Many times the black is very deep and only comes out as the fish grows. For this reason, if you see gray areas, it might not be poor quality white but deep black that will appear later.
What is the difference between a Showa and Sanke?
Look It in the Face.
The most obvious difference between the Sanke and Showa is the presence of sumi on the head. Generally, Sanke will have only two colors on its head — white and red, with no sumi present. … In contrast, you should see all three colors, including black, on the heads of Showa
What is Grade A koi?
Koi grades mean nothing.
It means that you’ll have to hand-select the koi for your pond, since you can’t trust any Koi distributor to choose your koi for you by their own grading criteria
showa koi fish
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doitsu showa koi fish– is a doitsu version of showa no scales other than enlarged scales along the lateral line and two lines running either side of the dorsal fin
yellow showa koi fish– usually the yellow color of showa when they are young will change to red or orange once they matured The Yellow koi fish meaning These gold-colored fish symbolize fortune and wealth. The Japanese term for them is yamabuki. koi symbolizes true love while
ki showa koi fish– is a showa having yellow markings insted of red markings
kindai showa koi fish
hi showa koi fish
Showa. Koi is a Japanese word meaning “carp.” These normally wild, gray fish were domesticated for use in ornamental ponds and backyard water gardens. … The Showa classification implies a black (Sumi black) koi with red (Hi-meaning sharp red patches) and white (Shiro) markings
Swimming koi represent advancement and determination. Fish in general symbolize wealth and surplus, and the Chinese believe koi particularly represent good fortune in business and academics. Buddhists on the other hand see koi as representations of courage. Together in a koi pond, they represent love and friendship. learn more about koi fish meaning
What does a koi fish tattoo represent?
Swimming koi represent advancement and determination. Fish in general symbolize wealth and surplus, and the Chinese believe koi particularly represent good fortune in business and academics.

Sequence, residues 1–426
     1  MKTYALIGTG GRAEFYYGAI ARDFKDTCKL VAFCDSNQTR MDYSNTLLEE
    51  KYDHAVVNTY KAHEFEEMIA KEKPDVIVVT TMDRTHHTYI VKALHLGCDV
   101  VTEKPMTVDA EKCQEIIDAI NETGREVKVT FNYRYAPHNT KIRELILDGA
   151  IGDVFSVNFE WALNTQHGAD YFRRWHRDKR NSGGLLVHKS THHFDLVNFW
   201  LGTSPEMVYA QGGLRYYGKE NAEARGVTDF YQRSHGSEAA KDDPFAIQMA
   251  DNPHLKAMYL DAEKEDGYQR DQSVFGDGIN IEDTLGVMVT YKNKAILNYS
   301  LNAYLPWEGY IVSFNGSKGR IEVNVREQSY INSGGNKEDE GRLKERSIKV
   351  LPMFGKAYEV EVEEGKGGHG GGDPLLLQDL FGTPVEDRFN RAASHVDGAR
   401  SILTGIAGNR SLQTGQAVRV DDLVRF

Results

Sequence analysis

Buddhists on the other hand see koi as representations of courage. Together in a koi pond, they represent love and friendship.
Learn more about different types of koi
How do you pick a good Koi Showa?
Start selecting a young showa, as with other young koi, by looking at the head. The head should have all three colors: red, black, and white, preferably in equal amounts. Best would be to have a good kohaku head with a lightening stripe or a Y -shape in black on the top of the head.
How do you breed Showa Koi?
To breed showa cross showa with showa. at about three days post hatch keep only the black fry. These black babies will be the potential showa babies although only a few will turn out to be anything identifyable as showa. Only type of koi harder to breed than showa is Sanke
What makes a good Showa Koi?
Ideally Showa Koi , almost all of the pectoral fins, except for the outermost tips, should be black. As the pectoral fins grow out, the black seems to stay the same and the white area on the outside seems to spread out. … Red is not acceptable in the fins. Pectoral fins should have Sumi at the base, up against the body
how to choose a good showa koi
Start selecting a young showa, as with other young koi, by looking at the head. The head should have all 3 colors (red, black and white), preferably in equal amounts. Best would be to have a good kohaku head with either a lightening stripe or a v-shape in black on the top of the head.
One of the characteristics to look at is the pectoral fins
This is not typical Showa pectoral sumi, but still in the form of blocks, rather than stripes
In the classic motoguro, the sumi in the pectorals forms an even block spreading up from the ball joint of the fin.
Motuguro plus radiating strips is still the mark of a Showa, rather than a Sanke
Next to look at is the head pattern of Showa
Heading for perfection
A head study of a classy Hi Showa, showing the three primary colors, black, red and white setting one another off to perfection. The white element in the fins relieves any impression of pigment overkill.
showa koi meaning- Showa are the last in the group of three koi collectively called Gosanke (Kohaku, Sanke & Showa).
Showa is a black koi with red and white pattern markings. The second, Sanshoku, breaks down into “san,” Japanese for “three,” and “shoku” means “colors,”